(2br) Elucidate the Role of Membrane-Bound Organelle Interactome in Parkinson’s Disease | AIChE

(2br) Elucidate the Role of Membrane-Bound Organelle Interactome in Parkinson’s Disease


Zhao, H. - Presenter, Purdue University
Research Interests

Neurodegenerative diseases, such as Parkinson’s disease (PD) affect more than 1 million people in the United States and 6 million people worldwide. PD is an intrinsically complicated disease affecting multiple organelles, including mitochondria, lysosome, endoplasmic reticulum, synapse, and epigenetic landscape in nucleus. Onset of PD triggers dysfunction of more than one organelle mentioned above. Different cellular compartments crosstalk through direct contact or exchanging of signaling molecules. The current approaches focus on individual organelles, while neglecting the crosstalk between organelles. There is limited knowledge regarding dynamics and causal relationship between various dysfunctional organelles during the onset of PD, thus leaving the molecular mechanism of PD poorly understood. Therefore, current treatment methods for PD only alleviate symptoms rather than cure. To fill this knowledge gap, the goal of my future research group is to systematically quantify organelle interaction of neurons during PD progression and build organelle interaction network that drives PD onset. To do that, we will 1) establish a humanized brain culture model consisting of different neuron types; 2) build a library of toolset to probe and perturb protein-protein interaction (PPI) across various organelles; and 3) explore the organelle interactome via advanced quantitative microscopy coupled with machine learning algorithm to predict causal relationship from timelapse dataset. The foundation of my proposed research is built upon my research expertise in cell biology, protein engineering and system biology. I have proved the feasibility of my future research directions by successfully deriving dopaminergic (DA) neurons from human induced pluripotent stem cells (hiPSCs). PD-like phenotype was observed in hiPSC-derived DA neurons exposed to atrazine at developmental stage. Furthermore, my previous work with live-cell compatible probe targeting mitochondrial DNA methylation. In this work, we developed toolset to track methylation level of mitochondrial DNA and nuclear DNA simultaneously and observed an unsynchronized dynamic during cell cycle. Additionally, I performed quantitative measurement of interaction of two heterochromatin markers, namely meCpG and H3K9me3, using fluorescent lifetime imaging microscope (FLIM), during neuron differentiation. In another project, I used regression-based model to predict dominant epigenetic features that can distinguish cells from different treatment group. Collectively, my training from PhD research will support my accomplishment of proposed research goals. I expect that the research framework can be further extended to other neurodegenerative disease, such as Alzheimer’s Disease and Huntington’s Disease. Furthermore, I will also seek to help with K12 education with my research project, specifically female students aiming to do STEM major during their college education. Women neuroscientists and chemical engineers are, unfortunately, still under-represented in academics. I expect by offering more research opportunity in my lab to female K12 students, participation of female students in STEM research will be encouraged.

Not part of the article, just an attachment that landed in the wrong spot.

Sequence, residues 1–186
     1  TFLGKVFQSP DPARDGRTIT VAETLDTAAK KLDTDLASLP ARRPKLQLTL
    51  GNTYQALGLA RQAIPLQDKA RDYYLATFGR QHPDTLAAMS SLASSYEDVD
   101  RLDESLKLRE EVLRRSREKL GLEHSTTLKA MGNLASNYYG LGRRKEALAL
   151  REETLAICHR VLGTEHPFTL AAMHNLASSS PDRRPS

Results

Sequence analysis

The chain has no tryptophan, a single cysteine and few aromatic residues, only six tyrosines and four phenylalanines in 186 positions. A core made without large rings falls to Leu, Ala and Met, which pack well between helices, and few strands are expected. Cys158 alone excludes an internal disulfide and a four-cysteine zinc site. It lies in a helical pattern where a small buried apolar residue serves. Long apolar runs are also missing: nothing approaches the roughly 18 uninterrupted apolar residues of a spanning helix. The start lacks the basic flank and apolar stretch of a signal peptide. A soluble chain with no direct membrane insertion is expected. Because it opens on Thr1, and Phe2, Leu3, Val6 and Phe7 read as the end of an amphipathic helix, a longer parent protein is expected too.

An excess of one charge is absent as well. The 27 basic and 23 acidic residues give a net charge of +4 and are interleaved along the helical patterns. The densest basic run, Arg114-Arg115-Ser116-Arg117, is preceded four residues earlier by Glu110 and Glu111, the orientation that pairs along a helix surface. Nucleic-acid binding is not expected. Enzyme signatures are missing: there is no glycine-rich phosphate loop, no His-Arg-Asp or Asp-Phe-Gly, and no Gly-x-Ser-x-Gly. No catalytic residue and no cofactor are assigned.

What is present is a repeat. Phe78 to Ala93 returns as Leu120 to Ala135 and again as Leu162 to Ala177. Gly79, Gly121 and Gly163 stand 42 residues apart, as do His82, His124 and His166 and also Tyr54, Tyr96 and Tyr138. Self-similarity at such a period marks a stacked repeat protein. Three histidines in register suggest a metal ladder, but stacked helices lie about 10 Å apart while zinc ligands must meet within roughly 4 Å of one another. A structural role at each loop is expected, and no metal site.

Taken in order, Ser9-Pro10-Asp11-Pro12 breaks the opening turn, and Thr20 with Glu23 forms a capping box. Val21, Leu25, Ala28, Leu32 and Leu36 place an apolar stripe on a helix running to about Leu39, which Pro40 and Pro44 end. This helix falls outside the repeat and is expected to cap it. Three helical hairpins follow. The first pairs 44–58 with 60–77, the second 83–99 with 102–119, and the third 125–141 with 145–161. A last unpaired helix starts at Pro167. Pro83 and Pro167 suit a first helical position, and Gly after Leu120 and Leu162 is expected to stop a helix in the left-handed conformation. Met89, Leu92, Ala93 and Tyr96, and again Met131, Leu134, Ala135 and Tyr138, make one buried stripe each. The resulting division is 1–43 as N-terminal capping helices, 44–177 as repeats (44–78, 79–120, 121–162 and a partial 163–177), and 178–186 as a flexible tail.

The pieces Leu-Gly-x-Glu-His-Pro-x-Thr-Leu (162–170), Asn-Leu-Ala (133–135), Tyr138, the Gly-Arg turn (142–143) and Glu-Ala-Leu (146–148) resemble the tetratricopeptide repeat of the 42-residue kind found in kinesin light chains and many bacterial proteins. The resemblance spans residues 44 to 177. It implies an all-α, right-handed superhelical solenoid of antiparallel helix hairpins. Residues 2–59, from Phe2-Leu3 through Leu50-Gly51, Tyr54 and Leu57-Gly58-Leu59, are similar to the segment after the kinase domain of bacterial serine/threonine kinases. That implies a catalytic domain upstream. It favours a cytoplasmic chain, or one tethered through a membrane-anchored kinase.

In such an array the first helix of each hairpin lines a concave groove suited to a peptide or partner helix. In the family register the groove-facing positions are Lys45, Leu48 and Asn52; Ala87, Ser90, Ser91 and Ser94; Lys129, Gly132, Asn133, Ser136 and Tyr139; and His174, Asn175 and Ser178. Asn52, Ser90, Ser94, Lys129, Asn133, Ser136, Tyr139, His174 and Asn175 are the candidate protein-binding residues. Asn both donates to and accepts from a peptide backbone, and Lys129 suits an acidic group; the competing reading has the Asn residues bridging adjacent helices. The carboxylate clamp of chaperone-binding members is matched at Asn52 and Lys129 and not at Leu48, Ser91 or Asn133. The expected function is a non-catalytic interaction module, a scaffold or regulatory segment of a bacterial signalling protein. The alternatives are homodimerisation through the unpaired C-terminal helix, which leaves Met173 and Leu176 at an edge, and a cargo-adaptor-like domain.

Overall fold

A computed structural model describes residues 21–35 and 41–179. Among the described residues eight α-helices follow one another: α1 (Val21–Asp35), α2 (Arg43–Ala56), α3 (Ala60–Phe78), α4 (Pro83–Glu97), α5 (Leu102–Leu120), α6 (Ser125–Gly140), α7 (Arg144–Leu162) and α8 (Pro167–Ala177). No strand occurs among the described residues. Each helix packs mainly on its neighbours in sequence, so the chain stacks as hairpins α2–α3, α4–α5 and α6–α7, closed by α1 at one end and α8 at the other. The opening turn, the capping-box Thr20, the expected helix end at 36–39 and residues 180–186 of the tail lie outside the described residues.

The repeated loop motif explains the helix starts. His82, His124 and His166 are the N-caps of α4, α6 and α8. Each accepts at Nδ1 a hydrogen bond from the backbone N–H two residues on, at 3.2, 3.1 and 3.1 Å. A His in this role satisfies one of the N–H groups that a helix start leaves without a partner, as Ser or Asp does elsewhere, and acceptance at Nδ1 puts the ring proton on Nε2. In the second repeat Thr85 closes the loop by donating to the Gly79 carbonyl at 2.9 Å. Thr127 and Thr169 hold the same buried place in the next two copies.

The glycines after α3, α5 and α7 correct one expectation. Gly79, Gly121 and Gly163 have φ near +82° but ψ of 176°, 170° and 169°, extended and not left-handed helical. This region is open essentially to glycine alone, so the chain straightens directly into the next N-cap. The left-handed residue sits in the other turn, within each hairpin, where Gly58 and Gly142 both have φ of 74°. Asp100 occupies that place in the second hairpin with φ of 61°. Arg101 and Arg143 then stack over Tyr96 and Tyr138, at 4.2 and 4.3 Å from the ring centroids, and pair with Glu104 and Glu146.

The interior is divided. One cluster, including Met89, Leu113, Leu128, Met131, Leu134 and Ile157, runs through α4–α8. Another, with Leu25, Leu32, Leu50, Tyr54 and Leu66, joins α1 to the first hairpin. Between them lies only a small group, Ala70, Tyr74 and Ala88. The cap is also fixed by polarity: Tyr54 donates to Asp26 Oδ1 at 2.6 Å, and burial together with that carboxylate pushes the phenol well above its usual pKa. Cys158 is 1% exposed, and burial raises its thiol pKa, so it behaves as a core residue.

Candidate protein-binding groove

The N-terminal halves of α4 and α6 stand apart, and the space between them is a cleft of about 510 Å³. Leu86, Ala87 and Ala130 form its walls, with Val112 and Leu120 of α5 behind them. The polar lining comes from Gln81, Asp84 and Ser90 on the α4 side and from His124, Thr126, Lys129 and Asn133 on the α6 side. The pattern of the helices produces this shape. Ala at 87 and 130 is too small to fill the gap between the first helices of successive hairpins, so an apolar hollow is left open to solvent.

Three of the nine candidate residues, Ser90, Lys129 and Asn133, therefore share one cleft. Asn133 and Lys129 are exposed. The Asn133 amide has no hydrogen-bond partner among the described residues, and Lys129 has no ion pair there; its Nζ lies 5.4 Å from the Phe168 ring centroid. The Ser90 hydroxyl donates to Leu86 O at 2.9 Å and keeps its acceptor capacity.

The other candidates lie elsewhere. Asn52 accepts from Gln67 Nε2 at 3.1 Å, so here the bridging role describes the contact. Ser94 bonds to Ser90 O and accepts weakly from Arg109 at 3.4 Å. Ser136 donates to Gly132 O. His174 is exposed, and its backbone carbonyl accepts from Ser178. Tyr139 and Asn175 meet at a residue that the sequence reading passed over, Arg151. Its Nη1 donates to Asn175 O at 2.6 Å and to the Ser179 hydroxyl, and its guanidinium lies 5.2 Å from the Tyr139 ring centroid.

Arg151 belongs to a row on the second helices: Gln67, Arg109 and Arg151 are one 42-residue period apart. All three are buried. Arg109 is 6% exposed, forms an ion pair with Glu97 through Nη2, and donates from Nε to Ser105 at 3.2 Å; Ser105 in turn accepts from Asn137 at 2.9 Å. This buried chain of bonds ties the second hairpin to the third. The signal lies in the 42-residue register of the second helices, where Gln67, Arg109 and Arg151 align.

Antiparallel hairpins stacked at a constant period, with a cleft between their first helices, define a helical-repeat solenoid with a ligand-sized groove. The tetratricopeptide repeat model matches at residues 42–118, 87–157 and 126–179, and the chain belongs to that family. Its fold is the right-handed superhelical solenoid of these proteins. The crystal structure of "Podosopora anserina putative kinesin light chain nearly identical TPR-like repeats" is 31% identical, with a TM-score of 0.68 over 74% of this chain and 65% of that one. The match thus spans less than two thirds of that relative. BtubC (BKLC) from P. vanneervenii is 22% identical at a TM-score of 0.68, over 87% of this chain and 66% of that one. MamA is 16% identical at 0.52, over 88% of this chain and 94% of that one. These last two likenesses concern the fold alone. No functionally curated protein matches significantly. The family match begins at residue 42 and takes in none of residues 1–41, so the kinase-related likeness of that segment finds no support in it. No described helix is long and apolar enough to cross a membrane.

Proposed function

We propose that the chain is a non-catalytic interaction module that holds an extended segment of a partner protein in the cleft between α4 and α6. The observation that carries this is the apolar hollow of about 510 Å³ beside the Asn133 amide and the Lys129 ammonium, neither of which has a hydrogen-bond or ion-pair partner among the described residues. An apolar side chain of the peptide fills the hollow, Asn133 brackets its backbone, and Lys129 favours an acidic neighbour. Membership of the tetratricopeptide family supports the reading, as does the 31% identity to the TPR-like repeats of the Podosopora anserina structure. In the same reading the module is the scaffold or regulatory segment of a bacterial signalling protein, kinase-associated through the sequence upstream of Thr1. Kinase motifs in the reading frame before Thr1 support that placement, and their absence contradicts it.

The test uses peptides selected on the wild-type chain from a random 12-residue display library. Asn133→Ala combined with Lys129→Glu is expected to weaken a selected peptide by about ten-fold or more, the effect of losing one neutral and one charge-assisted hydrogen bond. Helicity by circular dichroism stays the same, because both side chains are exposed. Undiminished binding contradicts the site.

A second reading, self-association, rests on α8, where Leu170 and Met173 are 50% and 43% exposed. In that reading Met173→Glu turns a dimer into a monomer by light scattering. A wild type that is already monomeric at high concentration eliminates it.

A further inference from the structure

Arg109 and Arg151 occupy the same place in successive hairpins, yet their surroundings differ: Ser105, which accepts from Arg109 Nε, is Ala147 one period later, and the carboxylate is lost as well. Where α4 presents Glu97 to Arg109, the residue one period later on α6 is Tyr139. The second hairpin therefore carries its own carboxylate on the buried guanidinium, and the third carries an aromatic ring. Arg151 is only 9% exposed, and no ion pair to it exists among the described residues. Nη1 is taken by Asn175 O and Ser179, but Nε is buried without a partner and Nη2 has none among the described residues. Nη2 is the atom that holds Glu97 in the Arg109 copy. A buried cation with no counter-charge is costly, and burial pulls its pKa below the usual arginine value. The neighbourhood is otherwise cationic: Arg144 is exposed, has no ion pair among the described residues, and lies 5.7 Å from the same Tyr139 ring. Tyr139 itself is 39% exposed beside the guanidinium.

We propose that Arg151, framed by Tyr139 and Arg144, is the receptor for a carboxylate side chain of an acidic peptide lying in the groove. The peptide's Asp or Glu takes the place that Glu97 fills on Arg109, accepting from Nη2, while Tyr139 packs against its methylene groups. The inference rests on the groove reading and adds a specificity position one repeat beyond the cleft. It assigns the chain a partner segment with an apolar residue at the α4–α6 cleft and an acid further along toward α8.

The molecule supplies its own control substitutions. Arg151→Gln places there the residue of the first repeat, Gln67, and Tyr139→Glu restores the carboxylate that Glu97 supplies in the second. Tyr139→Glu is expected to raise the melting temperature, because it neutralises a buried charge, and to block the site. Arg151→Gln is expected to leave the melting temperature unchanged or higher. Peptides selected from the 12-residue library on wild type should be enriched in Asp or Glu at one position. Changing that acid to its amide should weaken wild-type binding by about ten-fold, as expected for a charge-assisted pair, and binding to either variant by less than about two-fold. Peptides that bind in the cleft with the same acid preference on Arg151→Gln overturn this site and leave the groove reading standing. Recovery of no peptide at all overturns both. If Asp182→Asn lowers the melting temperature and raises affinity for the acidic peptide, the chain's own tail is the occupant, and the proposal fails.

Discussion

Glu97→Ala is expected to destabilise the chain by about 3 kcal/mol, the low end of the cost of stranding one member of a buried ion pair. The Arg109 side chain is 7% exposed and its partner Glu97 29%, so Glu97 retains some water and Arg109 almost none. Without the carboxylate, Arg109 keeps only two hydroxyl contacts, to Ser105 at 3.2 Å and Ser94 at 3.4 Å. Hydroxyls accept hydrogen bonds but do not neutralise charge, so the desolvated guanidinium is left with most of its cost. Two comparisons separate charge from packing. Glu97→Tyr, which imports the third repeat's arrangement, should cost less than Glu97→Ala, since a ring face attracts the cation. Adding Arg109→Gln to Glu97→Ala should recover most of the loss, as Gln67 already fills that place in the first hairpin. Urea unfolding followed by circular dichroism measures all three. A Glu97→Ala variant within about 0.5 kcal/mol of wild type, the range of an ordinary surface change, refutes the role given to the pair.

Teaching Interests

I am interested in teaching various types of undergraduate level ChE courses, including but not limited to Thermodynamics, Transport Phenomena and Reaction Kinetics. I am also willing to develop graduate level electives with specific focus on using engineering approach to understand disease onset in neuroscience. During my PhD career, I did 2 teaching assistant jobs, one with graduate-level transport phenomena class and another one with undergraduate level lab. I am also fortunate to guest-lectured undergraduate Thermodynamic class. Therefore, I have gained experience in teaching during my PhD years and am confident to accomplish my teaching goal during my future faculty career.